South Korean central bank Bank of Korea (BOK) governor, Lee Joo-yeol, has announced that Bitcoin will be regulated as a commodity rather than as a currency. The governor, however, claimed that the central bank will not be launching the regulation very soon.
During the audit of BOK by the National Assembly, Lee claimed that digital currencies like Bitcoin cannot be regarded as money based on the definition of the Bank of International Settlements (BIS).
“It is difficult to look at [virtual currencies] as money by [the definition] of Bank of International Settlements (BIS). Regulation (of virtual currencies) is appropriate because it is regarded as a commodity. It [cannot be] regulated at the level of a currency.”
The latest actions by South Korea on virtual currencies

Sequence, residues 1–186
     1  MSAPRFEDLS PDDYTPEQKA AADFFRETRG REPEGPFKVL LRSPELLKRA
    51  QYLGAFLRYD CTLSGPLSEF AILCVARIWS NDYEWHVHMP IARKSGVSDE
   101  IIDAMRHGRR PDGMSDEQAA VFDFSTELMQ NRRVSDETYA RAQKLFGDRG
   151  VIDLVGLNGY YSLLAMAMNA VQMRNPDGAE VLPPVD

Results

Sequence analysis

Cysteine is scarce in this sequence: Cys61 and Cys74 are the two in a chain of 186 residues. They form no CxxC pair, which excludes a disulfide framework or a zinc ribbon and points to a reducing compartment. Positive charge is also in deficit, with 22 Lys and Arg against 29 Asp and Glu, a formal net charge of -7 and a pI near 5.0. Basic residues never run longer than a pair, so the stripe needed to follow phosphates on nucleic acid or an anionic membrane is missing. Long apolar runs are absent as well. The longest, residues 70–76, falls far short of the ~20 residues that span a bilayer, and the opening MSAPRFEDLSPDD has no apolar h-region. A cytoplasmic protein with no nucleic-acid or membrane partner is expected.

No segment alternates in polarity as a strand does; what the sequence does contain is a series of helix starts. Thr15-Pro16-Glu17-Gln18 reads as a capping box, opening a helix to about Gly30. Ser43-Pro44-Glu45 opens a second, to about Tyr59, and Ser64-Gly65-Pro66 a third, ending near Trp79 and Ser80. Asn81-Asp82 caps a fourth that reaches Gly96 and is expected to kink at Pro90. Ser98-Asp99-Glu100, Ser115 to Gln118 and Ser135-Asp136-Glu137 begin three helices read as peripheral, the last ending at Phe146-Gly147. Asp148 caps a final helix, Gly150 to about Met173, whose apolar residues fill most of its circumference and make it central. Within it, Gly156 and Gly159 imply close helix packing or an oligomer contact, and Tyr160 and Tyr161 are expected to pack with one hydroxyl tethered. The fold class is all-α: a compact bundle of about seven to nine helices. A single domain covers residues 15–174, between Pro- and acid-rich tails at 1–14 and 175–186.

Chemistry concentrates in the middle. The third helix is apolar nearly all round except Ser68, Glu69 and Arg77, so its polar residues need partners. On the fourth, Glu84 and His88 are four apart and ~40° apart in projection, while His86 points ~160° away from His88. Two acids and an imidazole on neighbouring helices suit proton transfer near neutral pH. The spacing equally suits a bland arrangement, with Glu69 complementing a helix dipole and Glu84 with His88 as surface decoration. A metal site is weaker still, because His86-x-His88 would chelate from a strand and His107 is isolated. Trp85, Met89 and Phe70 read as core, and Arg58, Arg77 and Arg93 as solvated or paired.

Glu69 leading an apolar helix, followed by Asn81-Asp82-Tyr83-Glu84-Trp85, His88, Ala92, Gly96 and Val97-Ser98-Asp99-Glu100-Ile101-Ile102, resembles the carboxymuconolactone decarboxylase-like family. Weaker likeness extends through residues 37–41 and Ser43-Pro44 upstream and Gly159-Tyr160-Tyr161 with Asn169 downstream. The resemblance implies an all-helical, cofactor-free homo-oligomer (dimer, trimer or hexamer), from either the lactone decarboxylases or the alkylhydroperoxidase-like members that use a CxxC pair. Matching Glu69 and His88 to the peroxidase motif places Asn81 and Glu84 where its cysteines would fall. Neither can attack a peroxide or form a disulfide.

To promptly tackle the issues involving cryptocurrencies, the South Korean government created in 2016 a digital currency task force to study the regulatory and licensing parameters for Bitcoin and Bitcoin exchanges. In early June 2017, a CNN report stated that the participants in the study ‘failed to agree on whether cryptocurrencies should be included in systems right now and how the systems work if they are included.”
Meanwhile, South Korea’s financial regulator, the Financial Supervisory Service (FSS) has issued a ban on initial coin offerings (ICO) guided by the task force. The aim of the ban is to protect investors from possible fraud. This move has led to worries of a campaign against the local digital currency trading market in the country that is similar to the crackdown recently launched by the Chinese government.
FSS vice chairman Kim Yong-bum was quoted at the time that ICOs increase the risk of fraud, so a ban will be implemented.
“We are worried about adverse effects such as increased risk of fraud, the ICO will be prohibited in all forms.”
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